by Katrina Gray


Your wife keeps a framed photograph of Rutherford B. Hayes on her nightstand. You are used to this by now; you are even impressed by his sure, solid stance, the way he clutches the edges of his lapels with no reticence about revealing his overhanging paunch.

Years ago, when you dated the woman who is now your wife, you noticed how she darted her eyes toward the bedside frame just as she teetered at the edge of orgasm, and the moment her eyes met his, steely and sharp, she thrashed, she squealed, she pinned your buttocks between her legs and then went limp.

But you hadn’t been in a beautiful woman’s bed, or any woman’s bed, in nearly a year, nor had any woman been in yours. You were lonely, and getting a little too comfortable with yourself for such a young guy — leaving the bathroom door open, neglecting to brush your teeth weekend mornings, drinking Dewar’s straight from the jug rather than washing a glass. If this is how it had to be, you decided — if you had to play second fiddle to a dead president — then okay. There were worse things.

This week you have grown a goatee. You attempted a beard, nothing that Rutherford B. Hayes would envy, but a beard nonetheless. You kept waking perplexed that your cheeks remained bare and smooth, but decided a goatee would be better anyway. Corporate grooming policy prohibits beards extending more than one-half inch beyond the tip of the chin. Rutherford B. Hayes could not work where you work; he would not have chosen the job over the beard, which, if measured, would have extended at least three-and-one-half inches past the maximum allowable length. Rutherford B. Hayes would have been written up. Rutherford B. Hayes would have given the vice president of program engineering the finger, a gesture he would have punctuated with a sarcastic bow.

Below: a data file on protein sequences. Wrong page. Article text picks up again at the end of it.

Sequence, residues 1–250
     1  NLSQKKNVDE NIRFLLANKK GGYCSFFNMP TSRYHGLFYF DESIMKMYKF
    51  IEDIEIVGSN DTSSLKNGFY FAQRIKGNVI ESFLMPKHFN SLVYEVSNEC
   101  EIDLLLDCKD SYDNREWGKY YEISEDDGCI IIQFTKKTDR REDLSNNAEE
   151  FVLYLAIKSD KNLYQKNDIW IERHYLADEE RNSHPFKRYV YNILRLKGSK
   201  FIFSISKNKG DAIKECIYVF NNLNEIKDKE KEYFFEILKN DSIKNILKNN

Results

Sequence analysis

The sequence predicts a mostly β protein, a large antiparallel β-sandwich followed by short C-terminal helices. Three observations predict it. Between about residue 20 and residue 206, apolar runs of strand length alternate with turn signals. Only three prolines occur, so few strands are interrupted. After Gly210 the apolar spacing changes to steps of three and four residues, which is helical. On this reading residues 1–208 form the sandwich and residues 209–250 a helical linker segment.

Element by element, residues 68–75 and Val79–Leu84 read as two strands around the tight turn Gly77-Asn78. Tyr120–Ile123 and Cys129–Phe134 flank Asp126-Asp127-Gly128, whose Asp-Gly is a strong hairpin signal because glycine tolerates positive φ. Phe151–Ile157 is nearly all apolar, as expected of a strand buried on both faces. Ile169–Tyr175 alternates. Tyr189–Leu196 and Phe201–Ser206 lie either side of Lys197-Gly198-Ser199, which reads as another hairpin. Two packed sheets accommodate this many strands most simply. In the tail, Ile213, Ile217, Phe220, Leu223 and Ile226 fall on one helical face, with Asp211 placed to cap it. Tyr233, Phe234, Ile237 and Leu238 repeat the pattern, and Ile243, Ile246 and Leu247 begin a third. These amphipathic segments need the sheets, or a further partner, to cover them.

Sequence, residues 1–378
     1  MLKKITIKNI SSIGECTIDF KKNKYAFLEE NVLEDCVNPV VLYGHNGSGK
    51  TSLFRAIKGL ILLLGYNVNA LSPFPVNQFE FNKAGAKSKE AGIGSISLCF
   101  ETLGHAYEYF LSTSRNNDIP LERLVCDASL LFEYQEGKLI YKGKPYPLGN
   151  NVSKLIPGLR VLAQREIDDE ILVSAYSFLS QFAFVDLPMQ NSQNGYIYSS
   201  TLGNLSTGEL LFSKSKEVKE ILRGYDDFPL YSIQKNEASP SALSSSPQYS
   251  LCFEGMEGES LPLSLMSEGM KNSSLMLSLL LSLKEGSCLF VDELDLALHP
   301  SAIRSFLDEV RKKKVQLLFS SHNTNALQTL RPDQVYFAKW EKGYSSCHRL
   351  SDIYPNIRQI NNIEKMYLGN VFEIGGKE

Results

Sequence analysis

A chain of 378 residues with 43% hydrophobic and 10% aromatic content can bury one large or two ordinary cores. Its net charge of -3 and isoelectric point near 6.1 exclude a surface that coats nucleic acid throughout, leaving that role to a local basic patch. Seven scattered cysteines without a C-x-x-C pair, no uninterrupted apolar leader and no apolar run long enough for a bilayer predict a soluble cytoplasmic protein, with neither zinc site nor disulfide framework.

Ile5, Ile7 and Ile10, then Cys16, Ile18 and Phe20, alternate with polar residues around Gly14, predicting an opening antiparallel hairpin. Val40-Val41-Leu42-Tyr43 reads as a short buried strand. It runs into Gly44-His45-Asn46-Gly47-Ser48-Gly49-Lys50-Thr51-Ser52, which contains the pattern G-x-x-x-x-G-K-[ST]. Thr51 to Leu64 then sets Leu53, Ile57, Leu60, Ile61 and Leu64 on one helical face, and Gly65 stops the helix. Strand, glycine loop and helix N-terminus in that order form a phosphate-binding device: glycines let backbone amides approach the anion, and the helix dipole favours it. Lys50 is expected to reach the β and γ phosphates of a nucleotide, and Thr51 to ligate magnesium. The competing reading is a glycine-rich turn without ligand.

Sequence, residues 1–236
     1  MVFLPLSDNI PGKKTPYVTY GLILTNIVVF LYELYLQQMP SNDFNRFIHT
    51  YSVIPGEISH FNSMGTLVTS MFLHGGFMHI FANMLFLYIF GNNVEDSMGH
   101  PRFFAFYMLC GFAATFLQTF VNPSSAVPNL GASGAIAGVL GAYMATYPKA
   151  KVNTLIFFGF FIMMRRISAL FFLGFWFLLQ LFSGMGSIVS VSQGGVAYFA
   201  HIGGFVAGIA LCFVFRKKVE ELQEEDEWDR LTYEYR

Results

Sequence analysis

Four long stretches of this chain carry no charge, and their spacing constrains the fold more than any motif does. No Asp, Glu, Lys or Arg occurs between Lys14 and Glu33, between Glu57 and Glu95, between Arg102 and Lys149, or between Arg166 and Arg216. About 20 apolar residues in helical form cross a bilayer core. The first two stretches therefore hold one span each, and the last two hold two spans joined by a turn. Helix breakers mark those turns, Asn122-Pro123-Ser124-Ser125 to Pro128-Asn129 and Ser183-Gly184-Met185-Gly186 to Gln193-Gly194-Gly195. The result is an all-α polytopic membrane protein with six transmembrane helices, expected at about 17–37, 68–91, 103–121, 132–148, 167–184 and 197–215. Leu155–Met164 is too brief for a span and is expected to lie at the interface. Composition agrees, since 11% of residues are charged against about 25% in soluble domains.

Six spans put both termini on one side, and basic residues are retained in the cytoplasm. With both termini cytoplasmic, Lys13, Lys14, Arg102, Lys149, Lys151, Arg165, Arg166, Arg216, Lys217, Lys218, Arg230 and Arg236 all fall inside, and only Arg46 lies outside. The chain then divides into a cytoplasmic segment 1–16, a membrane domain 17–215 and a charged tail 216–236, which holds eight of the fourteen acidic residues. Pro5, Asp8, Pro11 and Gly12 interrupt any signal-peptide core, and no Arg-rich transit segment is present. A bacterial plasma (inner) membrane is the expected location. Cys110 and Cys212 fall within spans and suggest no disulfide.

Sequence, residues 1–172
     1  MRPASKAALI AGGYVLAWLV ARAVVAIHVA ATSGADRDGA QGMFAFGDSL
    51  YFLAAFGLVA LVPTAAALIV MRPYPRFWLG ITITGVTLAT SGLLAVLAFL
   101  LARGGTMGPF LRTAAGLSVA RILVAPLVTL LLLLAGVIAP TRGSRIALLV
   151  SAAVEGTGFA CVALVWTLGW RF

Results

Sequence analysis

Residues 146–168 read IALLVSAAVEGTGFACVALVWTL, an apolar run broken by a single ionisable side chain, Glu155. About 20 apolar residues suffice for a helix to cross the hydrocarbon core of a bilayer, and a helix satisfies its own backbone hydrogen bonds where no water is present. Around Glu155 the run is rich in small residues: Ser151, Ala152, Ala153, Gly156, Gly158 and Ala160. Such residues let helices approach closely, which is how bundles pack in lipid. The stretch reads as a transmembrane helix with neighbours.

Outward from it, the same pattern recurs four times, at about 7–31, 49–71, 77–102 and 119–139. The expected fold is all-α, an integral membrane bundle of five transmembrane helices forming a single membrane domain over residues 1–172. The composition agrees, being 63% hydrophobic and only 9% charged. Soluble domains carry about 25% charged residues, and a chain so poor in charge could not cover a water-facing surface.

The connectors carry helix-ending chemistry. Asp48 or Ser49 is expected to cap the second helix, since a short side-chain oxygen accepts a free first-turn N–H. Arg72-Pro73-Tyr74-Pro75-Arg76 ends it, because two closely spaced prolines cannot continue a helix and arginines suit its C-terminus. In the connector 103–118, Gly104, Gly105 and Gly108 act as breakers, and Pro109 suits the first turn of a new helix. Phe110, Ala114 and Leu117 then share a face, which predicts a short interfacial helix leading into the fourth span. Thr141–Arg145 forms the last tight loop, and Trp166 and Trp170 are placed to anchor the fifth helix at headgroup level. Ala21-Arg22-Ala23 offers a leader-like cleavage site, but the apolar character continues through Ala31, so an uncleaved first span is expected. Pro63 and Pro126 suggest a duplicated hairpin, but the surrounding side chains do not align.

You share a birthday, you and Rutherford B. Hayes. You are both charming Libras. It was, in fact, your birthday that got you a date with your future wife, because she told the dating service that she was only interested in men born on October fourth. The year did not matter. The older the better, she said. You were young, but not too young. You had already been promoted to senior systems analyst. You had begun to consider the future, imagined filling your newly purchased home with the smell of sizzling hashbrowns and the sound of bright gentle children humming along to smooth jazz hits.

You were the only match born on October fourth. You wore oxfords and knew to pick up the check. You were no boy. You would do.

There are no bright gentle children. Your wife’s ovaries are wonky, and you say “wonky” because you don’t want to say “impaired” or “damaged” or “useless.” You can come and come and come inside her, and nothing will happen. It is a free-for-all, no precautions needed. You search for ways to use two spare bedrooms and wonder about trading the Altima for a Mini Cooper.